Caring for Conjoined Twins
Caring for conjoined twins can be very challenging. Those conjoined twins that do survive often have serious physical challenges.
If they share limbs or organs, conjoined twins may be unable to move on their own, eat on their own, or control their own brain or heart function. In many cases, one twin relies solely on their sibling for nutritional, blood, and brain support.
In some cases, separation of conjoined twins is considered in order to increase the quality of the twins' lives, or to save their health.
Separating conjoined twins
Separation of conjoined twins is usually performed when the children are still very young. Typically performed between six and 12 months of age, separation involves a complex series of surgeries in order to completely detach the twins from one another.
In some cases, the brain or the heart must be separated in order to provide each twin with vital organs. To date, about 200 twin separations have been performed. One or both twins survived in approximately 75% of these separation surgeries.
Conjoined twin separation is a highly debated topic, for both ethical and moral reasons. Separation often involves sacrificing one twin in order to save the life of the other twin, and because of this, many see the practice as unethical and immoral.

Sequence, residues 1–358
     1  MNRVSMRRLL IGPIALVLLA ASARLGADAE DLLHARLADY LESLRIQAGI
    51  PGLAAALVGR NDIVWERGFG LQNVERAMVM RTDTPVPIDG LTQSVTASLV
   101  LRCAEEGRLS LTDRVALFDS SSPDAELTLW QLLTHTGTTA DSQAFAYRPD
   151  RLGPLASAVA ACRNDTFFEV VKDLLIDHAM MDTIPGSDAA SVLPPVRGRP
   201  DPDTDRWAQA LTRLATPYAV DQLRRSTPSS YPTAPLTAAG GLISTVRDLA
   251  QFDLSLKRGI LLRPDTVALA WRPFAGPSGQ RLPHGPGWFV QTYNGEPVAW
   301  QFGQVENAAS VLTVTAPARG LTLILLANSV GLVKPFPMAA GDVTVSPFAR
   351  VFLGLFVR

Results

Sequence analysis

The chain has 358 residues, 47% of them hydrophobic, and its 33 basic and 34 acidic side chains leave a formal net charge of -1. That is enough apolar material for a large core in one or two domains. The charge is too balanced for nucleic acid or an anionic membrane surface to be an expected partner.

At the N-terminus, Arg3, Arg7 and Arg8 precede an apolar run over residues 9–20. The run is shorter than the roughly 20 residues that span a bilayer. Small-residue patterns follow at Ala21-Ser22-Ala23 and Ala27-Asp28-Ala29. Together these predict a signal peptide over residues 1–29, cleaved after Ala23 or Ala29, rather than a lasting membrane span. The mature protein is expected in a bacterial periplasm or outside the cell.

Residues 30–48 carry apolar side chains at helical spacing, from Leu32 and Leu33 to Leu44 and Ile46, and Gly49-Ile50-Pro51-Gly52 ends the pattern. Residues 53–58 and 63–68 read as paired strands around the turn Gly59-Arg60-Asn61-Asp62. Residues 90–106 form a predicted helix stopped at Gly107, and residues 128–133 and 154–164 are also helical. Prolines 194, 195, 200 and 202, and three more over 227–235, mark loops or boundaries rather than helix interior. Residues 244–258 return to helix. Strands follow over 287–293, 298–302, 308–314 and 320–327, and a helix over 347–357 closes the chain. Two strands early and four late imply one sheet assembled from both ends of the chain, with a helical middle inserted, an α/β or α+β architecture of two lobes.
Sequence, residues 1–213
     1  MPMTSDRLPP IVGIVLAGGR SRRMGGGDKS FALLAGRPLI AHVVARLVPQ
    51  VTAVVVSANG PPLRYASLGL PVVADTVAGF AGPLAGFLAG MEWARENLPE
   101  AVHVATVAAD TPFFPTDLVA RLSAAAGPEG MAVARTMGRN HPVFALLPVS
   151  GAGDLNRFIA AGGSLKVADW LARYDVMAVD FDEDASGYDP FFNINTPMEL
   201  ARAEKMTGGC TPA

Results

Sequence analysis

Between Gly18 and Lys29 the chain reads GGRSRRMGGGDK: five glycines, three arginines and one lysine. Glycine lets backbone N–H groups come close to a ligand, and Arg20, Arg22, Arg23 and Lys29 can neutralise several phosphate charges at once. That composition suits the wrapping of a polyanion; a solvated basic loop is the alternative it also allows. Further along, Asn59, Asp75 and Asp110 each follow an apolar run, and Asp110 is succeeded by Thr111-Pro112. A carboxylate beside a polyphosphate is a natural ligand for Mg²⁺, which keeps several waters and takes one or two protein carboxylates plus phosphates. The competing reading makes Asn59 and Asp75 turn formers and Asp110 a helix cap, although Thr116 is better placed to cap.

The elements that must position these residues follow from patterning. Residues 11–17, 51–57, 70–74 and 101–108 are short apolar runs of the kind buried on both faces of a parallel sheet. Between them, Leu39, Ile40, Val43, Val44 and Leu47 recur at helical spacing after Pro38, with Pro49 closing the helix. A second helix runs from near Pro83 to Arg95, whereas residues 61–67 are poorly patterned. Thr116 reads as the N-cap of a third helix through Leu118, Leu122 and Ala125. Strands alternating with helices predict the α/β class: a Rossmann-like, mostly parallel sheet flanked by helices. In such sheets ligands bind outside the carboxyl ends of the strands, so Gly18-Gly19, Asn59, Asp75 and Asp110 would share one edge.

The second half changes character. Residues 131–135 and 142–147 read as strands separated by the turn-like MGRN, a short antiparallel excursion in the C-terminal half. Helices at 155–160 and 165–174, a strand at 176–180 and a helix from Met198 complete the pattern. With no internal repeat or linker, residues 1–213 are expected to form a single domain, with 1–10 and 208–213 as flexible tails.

Separation can also lead to severe physical disabilities and permanent brain damage. Additionally, it is possible for both twins to die during the separation procedure. For these reasons, separation is only carried out after rigorous testing and preparation.
Prognosis for Conjoined Twins
Unfortunately, the prognosis for conjoined twins is not very good. The vast majority of conjoined twins are stillborn or die within a few days of birth. However, those that do survive have a better prognosis.
Many conjoined twins live well into their 60s, and thanks to new techniques used in separation surgeries, many separated twins go on to lead long and fulfilling lives.
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|Table of Contents|
|1. Conjoined Twins|
|2. How twins are conjoined|
|3. Separating conjoined twins|